All of these features make for a rugged hand, as shown in this video, where the TASKA is used in some fairly vigorous sculpting tasks:
For a more complete discussion of what you should and shouldn’t do with a TASKA Hand, we’ve dug up this two-video review on the YouTube Channel Myoelectric Outdoors.
We also encourage you to read the comments below these two videos.
In case you don’t have time to do all this, we’ll repeat a couple of key points made by the narrator. The TASKA Hand does seem to be a step forward in robustness. This very experienced user of myoelectric hands likes his TASKA, whereas he did not have good experiences with Ossur’s i-Limb or Ottobock’s bebionic Hand (though he does love Ottobock’s Michelangelo Hand). This suggests that TASKA has successfully hit its target market.
But note the narrator’s cautionary comments about the durability limits of bionic hands in general, including the TASKA. This is evident by his continued reliance on his Ottobock Greifer for any truly heavy-duty tasks.
Water and Dust Resistance
The TASKA Hand is one of only a few hands currently on the market that is both waterproof and dustproof. It has an IP rating of 67, meaning that it is totally protected against dust and can also be submerged in water for up to 30 minutes.
Note that it can be submerged past the wrist if using the Low Profile Wrist connector, but only below the wrist if using the QDW (see the Wrist Design subsection above). This next section demonstrates the difference:
The TASKA Hand does not require a glove. It is already waterproof and dustproof, and it already has soft grips on the fingers and thumbs to securely grasp objects, all without a glove.
TASKA’S battery on a full charge will power at least 400 grip actions before its grip force weakens.
Once fully drained, the battery requires four hours to fully recharge.
TASKA recommends charging the battery each night and replacing the battery once per year.
TASKA provides a software application called MyTASKA for both IOS and Android mobile devices. This application allows users to:
- Create custom grips that define new open and close positions for the hand’s fingers and thumb.
- Add, remove, and re-order grips.
- Access training programs and games to perfect gestures and movements.
Suitability for Above-the-Elbow Solutions
The TASKA Hand is suitable for above-the-elbow solutions. Ultimately, the hand receives its commands and carries out the required actions whether it is part of a hand-only system or a system involving a wrist, elbow, and/or shoulder components.
In a system that involves integrated control over multiple components, the TASKA will receive its commands from a control system acting as the master controller for all components.
According to our information, the TASKA Hand sells for between $70,000 and $90,000 US for a typical below-the-elbow solution, including all prosthetist fees.
For a complete list of prices for other bionic hands, please see our Bionic Hand Price List.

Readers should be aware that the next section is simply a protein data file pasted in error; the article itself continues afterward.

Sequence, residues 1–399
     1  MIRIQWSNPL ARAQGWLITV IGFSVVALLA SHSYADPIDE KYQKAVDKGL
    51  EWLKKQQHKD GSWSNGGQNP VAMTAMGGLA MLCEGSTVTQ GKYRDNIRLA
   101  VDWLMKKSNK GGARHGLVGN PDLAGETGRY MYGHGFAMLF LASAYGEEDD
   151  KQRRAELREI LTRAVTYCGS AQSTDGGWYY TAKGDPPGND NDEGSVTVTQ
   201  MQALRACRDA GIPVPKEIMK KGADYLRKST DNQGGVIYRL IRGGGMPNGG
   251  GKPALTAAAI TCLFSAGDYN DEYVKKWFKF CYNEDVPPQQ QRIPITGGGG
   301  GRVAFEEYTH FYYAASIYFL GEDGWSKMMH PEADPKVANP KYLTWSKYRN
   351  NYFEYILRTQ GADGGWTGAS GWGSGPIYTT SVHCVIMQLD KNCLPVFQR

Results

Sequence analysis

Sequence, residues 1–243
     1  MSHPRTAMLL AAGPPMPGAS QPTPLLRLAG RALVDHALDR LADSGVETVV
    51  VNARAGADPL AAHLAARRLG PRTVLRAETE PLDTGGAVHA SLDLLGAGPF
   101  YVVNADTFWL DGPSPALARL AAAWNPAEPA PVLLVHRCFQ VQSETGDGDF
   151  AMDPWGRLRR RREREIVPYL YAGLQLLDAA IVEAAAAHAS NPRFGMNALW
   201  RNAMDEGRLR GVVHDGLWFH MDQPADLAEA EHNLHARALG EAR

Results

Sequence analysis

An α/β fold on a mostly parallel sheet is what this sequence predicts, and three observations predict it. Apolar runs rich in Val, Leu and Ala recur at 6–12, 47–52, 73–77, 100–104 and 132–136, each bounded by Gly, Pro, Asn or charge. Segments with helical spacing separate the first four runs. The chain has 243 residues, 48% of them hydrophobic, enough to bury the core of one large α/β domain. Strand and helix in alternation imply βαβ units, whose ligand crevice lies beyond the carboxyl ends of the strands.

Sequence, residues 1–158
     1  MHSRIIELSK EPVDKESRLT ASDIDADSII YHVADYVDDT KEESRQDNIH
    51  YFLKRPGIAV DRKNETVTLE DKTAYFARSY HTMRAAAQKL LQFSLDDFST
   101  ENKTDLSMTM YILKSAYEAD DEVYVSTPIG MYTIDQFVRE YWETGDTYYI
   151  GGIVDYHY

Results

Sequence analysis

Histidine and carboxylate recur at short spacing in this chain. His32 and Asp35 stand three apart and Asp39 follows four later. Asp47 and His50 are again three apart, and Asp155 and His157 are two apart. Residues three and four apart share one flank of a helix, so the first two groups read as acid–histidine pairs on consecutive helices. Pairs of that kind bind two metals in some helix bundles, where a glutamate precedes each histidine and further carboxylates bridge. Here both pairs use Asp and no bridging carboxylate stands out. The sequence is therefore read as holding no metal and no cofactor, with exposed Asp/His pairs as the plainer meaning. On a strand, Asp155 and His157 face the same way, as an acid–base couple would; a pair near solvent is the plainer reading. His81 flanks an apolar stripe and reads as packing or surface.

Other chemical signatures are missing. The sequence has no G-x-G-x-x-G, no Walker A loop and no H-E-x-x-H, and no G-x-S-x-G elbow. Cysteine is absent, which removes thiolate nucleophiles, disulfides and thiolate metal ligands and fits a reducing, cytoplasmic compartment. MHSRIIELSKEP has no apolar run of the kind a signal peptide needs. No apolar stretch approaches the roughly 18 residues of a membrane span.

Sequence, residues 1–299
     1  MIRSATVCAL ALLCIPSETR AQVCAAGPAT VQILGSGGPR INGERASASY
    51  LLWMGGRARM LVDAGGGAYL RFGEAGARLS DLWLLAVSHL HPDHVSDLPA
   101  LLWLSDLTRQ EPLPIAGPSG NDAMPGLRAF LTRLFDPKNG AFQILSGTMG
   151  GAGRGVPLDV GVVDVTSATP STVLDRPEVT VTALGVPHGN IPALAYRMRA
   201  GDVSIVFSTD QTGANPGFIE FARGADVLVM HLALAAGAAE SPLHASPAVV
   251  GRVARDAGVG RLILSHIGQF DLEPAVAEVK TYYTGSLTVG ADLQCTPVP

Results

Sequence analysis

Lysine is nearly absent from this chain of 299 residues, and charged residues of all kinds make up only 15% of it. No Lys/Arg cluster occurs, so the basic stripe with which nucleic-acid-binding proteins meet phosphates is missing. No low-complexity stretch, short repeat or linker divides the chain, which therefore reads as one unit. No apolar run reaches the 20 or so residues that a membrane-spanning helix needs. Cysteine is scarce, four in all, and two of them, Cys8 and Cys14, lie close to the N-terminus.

The TASKA hand is now available in the USA, UK, Europe, Scandinavia, Canada, Australia, and New Zealand
TASKA offers a two-year limited warranty against manufacturing or parts defects for TASKA components.
Users can purchase a Limited Extended Warranty in one-year increments for up to three additional years, providing up to five years of coverage in total.
While under warranty, the hand must be serviced once per year. This is typically arranged through your prosthetist. Loaner units are provided during all service repairs.
User Feedback Survey & Results
Are you currently using the TASKA Hand or have you used it in the past?
If so, why not help others by sharing your experiences in this quick survey:
We do not yet have a sufficient number of survey participants to publish a formal report for the TASKA Hand. As soon as we do, we’ll update this section.
In the meantime, we have received enough feedback to provide some insight into consumer experiences with the TASKA, which we express in the next section.
Considerations Before Buying the TASKA Hand
We are generally very cautious about expressing our opinion of bionic devices, as we prefer to publish only the collective feedback that we receive from end-users.
However, in the case of TASKA, we have enough feedback to form a general impression, which is that the TASKA Hand is delivering a much higher rate of user satisfaction than most bionic hands. We suspect that a lot of this has to do with its high level of durability — 2/3 of users have never had their hands repaired — but the TASKA also seems to score well in other areas, too.
Certainly, if you want a rugged hand for medium-duty work — especially outdoors — the TASKA should be a candidate.
For a list of competitor devices, see All Bionic Hands.
For a comprehensive description of all current upper-limb technologies, devices, and research, see our complete guide.
If you are shopping for a bionic hand, do not miss our article on Bionic Arm & Hand Control Systems. Getting this part of your bionic system right is probably the biggest single ingredient in your long-term satisfaction.
Click here for more information on TASKA Prosthetics.